The effects of COVID19: Towards a sustainable "new normal" 

Arnau Queralt-Bassa 

Chair of the European network of Advisory Councils on Climate Change, the Environment and Sustainable Development (EEAC) 

Over the past weeks, many institutions have released analysis and opinions on the origin of the pandemics and its impacts, but also on the ways to get out of this global crisis. This is the case of the Advisory Council for Sustainable Development of Catalonia (CADS) and the European network of Advisory Councils on Climate Change, the Environment and Sustainable Development (EEAC), a network of 17 advisory bodies from 13 European countries and regions established by national or regional governments and parliaments. This article contains the most essential aspects highlighted in their reflections.

The World is living through a situation without parallel in recent history. We are still shocked by the figures: on 30th April 2020, the number of victims has exceeded 227.000 and confirmed cases have risen to more than 3 million  (real ones are estimated to be many times higher). Although in some countries the curve of new infections -and the number of deaths- seems to decrease, the future is still uncertain. So far, the COVID-19 has had significant economic and social impacts, such as lost income, lost jobs, unemployment, increasing healthcare costs and rising debt, along with the many socio-psychological problems that have accompanied the drastic protection measures. The COVID-19 crisis is uncovering the growing inequalities and tensions within many of our own communities and societies, both locally and globally.

The world has never seen a pandemic caused by a coronavirus and, with all probability, it will not be the last. A hundred years have passed since the influenza of 1918, the last great pandemic to affect humanity. However, the risk of a pandemic caused by an infectious agent had already been recognised. The first report on global preparedness for health emergencies released in in autumn 2019 by the Global Preparedness Monitoring Board warned that humanity was at risk from an epidemic equivalent to that of the so-called Spanish Flu of 1918 . However, health systems worldwide are still under-prepared for significant outbreaks of other emerging infectious diseases, as highlighted in the 2020 edition of the World Economic Forum Global Risks Report .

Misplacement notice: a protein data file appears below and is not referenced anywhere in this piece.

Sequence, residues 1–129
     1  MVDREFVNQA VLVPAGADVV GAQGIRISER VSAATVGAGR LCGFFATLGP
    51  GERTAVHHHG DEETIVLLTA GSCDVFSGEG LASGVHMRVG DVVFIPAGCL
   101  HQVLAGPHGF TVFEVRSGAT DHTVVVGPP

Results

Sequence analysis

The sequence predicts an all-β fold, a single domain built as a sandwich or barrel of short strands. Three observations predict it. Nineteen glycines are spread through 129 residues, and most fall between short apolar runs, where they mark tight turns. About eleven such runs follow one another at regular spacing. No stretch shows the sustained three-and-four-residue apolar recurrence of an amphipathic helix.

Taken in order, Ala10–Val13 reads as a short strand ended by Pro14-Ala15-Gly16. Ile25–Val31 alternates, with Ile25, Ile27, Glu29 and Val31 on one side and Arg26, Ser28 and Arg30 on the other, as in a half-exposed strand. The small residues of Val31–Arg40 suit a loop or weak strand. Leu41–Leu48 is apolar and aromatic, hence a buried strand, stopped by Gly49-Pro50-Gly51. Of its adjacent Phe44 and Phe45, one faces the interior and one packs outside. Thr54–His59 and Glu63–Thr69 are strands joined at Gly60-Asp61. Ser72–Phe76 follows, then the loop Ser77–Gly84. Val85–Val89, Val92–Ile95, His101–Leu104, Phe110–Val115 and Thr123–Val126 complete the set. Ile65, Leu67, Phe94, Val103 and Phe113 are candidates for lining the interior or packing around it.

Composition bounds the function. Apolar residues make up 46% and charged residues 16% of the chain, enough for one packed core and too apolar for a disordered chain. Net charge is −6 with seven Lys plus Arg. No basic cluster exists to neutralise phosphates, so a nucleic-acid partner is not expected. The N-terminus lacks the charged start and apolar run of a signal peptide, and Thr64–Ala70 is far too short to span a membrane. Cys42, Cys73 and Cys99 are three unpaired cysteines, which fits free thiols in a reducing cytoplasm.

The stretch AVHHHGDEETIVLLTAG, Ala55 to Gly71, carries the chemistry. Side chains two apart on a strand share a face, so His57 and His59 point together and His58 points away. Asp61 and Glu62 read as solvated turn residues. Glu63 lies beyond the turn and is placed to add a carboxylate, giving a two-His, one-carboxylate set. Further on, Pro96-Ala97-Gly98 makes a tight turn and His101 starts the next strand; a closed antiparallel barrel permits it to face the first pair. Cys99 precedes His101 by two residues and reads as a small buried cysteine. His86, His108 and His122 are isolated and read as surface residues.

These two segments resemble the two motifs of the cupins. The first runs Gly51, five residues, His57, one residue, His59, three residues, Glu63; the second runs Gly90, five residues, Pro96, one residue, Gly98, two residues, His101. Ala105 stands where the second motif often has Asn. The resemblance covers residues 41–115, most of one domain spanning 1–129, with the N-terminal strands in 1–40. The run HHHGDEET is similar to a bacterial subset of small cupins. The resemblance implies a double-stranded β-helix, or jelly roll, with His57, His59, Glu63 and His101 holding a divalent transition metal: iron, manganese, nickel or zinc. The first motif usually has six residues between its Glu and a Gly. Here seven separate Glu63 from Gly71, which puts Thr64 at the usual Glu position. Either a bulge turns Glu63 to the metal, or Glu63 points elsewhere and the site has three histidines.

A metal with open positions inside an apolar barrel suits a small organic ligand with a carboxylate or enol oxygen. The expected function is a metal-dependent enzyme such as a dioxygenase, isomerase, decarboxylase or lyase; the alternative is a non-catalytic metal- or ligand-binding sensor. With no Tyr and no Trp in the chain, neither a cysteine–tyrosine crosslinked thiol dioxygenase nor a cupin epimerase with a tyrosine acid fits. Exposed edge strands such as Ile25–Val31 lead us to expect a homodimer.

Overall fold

The Covid19 outbreak is as a warning to humanity. It is not just a health pandemic, but a multiple crisis: a crisis of loss of integrity of the biosphere, a crisis of human health, a crisis of lack of preparedness, a crisis of social inequalities, a crisis of the current model of globalisation, a crisis of a global economic system that has no plans and means. The Covid19 pandemic and its aftermath will probably bring about changes in values, rules and societal and economic systems. We do not know what these changes will entail, but it is clear that the pandemic will force us to reinterpret the world and the way we live. 

The way out of this crisis lies in curtailing degradation of nature and fostering an economy that serves humanity while respecting the biophysical limits of the planet. That is, a circular, carbon-neutral economy that helps to achieve the Paris Agreement’s climate change goals and reverse the accelerated process of biodiversity loss. Given the impact of the crisis on socially vulnerable population, there is no other alternative than building an inclusive economy, which promotes dignified work and, therefore, leaves no one behind. Structural solutions need to be found for solving problems such as the lack of access to housing, the black economy, the growing unemployment and the prevalence of temporary work contracts. Better funding is needed for public health and social care systems, especially for older people, as well as for research. 

In short, the “new normal” after the recovery from the COVID19 must be built on sustainable foundations. There are serious constraints: (1) the fast growth of world population (potentially reaching 9.7 billion people by 2050), half of which will reside in just nine countries; (2) the increase in the number of people living in cities (between 2025 and 2030 it’s estimated that 40 cities with more than 10 million inhabitants each will be home to 630 million people); and (3) the increasing resource consumption globally. 

Despite the emergence of COVID-19, the 17 Sustainable Development Goals (SDGs) of the 2030 Agenda should be the compass to guide us to overcome the current crisis, improve our resilience as a society and help the planet. In a very short time, the fight against the pandemic has activated essential elements such as innovation, non-profit public-private partnerships, large-scale citizen solidarity, and monumental social and individual behavioural changes. All of these elements have a pivotal role to play in our efforts to meet the SDGs, confirming that meeting them is not only necessary but also more achievable than ever. 

In times of COVID19, the SDGs show us the path for a sustainable recovery: we must not place them in lockdown!


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